BANGOR, Maine — City councilors approved a series of orders on Wednesday that would create an open-access fuel model at Bangor International Airport, providing airline carriers with more options and potential cost savings when buying fuel.
The changes, which were unanimously supported by staff and councilors, also would establish Irving Oil as the new supplier of commercial fuel at BIA, replacing Exxon Mobil.
Exxon Mobil, which had an exclusive contract with BIA for nearly 40 years, will still provide fuel through its subsidiary, Western Petroleum, for the airport’s general aviation terminal.
Finally on Wednesday, the city agreed to buy Exxon Mobil’s assets at BIA — namely 13 fuel trucks — for $1.1 million in order to facilitate the new open-access model.
“We think the agreement with Exxon is fair given their assets,” City Manager Edward Barrett said Wednesday prior to the City Council meeting.
Airport Director Rebecca Hupp said earlier this week that the agreements approved by the City Council represented a lot of hard work and create a model that is the best of all worlds. Barrett and city councilors praised Hupp and other BIA staff for their efforts.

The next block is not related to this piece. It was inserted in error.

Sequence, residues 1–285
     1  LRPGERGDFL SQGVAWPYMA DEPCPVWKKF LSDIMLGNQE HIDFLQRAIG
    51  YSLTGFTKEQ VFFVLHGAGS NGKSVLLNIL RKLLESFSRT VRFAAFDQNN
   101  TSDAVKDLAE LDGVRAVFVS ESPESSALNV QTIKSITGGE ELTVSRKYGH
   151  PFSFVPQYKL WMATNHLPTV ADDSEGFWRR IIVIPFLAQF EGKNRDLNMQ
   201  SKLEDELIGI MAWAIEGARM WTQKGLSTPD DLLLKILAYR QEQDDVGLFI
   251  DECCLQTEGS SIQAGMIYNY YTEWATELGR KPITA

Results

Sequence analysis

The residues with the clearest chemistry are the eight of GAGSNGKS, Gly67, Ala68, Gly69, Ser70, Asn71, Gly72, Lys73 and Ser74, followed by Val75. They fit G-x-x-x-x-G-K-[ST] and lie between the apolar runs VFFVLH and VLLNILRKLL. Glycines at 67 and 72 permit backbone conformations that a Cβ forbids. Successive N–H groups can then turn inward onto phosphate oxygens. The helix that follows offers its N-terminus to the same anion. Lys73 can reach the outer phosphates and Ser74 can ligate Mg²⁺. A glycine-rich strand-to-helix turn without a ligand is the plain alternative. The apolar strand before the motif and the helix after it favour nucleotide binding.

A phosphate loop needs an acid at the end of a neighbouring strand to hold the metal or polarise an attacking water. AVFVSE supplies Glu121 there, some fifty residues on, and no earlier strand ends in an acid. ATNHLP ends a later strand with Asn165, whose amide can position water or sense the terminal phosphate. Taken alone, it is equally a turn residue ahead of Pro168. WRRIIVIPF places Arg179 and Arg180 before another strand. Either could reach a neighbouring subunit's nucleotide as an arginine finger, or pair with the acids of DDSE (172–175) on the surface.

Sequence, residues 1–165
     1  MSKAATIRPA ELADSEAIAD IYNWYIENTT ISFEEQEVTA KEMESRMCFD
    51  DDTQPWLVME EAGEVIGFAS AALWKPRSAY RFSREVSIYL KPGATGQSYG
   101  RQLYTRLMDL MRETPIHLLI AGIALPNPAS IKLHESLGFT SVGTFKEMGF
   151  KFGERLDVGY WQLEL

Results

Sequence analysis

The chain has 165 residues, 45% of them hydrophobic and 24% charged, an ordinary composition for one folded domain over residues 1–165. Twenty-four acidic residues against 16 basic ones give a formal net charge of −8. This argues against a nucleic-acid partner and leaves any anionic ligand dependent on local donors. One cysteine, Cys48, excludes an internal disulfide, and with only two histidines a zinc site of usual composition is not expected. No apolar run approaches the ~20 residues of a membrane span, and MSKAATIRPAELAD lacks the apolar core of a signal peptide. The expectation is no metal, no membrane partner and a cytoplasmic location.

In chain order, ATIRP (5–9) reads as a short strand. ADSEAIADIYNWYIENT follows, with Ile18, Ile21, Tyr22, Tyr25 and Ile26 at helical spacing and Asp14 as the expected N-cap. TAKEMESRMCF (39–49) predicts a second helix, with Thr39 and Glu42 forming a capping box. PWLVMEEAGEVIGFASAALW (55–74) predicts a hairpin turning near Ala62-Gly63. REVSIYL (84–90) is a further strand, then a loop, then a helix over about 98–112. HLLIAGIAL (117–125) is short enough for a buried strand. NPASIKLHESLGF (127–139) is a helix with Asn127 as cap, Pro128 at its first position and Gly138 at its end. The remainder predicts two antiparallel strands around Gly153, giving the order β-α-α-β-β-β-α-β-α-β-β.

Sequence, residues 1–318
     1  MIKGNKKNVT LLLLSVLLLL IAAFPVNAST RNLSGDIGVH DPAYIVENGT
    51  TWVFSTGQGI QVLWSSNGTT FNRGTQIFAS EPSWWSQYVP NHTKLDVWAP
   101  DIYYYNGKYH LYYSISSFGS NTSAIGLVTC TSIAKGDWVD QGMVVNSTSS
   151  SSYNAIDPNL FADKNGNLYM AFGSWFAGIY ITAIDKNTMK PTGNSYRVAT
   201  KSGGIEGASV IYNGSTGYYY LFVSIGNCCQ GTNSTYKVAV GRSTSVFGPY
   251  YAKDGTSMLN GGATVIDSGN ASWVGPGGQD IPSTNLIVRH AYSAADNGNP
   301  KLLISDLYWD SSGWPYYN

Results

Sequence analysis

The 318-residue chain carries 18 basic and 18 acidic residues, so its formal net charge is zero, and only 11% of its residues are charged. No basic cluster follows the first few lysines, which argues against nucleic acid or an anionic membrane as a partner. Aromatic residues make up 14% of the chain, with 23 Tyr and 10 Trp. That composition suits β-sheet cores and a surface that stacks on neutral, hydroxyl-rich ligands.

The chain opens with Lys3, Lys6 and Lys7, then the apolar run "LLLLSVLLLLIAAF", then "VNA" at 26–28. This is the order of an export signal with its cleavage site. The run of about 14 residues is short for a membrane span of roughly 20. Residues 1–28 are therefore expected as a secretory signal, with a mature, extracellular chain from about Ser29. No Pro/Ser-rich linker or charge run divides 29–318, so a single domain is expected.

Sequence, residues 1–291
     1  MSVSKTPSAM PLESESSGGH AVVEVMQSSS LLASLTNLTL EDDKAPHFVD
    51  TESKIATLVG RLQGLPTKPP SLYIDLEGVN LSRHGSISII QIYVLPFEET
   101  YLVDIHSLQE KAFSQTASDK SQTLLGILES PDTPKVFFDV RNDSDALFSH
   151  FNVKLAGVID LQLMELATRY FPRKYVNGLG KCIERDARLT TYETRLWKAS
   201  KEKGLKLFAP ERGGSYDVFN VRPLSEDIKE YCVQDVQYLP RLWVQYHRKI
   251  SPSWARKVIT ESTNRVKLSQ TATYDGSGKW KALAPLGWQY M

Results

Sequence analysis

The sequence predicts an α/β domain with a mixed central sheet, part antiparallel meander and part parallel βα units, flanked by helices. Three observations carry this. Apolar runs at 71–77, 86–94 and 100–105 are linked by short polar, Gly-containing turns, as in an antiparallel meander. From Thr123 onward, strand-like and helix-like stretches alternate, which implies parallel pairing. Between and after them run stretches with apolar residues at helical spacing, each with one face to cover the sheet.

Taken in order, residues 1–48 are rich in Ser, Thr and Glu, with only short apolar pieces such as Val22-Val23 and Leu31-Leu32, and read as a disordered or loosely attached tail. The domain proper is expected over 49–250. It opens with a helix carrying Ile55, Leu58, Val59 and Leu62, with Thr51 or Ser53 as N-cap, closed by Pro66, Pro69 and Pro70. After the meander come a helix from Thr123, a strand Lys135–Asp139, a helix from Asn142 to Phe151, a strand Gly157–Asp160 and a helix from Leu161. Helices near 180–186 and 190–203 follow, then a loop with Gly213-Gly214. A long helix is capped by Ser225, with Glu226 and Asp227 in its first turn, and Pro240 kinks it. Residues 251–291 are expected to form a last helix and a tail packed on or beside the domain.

“I know this went smoothly tonight, but it really took a bit of work,” Councilor Geoffrey Gratwick said.
The changes will go into effect July 31.
Earlier this year, Exxon Mobil told the airport that it would not renew its contract, largely because of a recent change in the state’s unitary tax law that required the fuel provider to pay more taxes. The fuel giant did offer to transfer that exclusive contract to Western Petroleum, one of its main subsidiaries. Instead, airport officials and city staff began discussing other options and quickly settled on the open-access model, which allows customers of BIA to find their own fuel at their own negotiated price.
Airline carriers view an open-access fuel model favorably because it creates competition among fuel suppliers and therefore lowers prices, according to Hupp. Carriers flying in and out of BIA would be able to buy their own fuel and store it at the airport for a fee or buy from Irving, the airport’s new supplier of record. BIA has enough storage for 3 million gallons of fuel, which Hupp said is more than enough to accommodate its customers and store fuel for sale by the airport.
While Irving will be the supplier for commercial aircraft, Exxon Mobil, through Western Petroleum, will remain the provider for private and corporate aircraft. Hupp explained that keeping the Exxon Mobil name was important for that segment of BIA’s business, which accounts for 1 million gallons of fuel sales annually.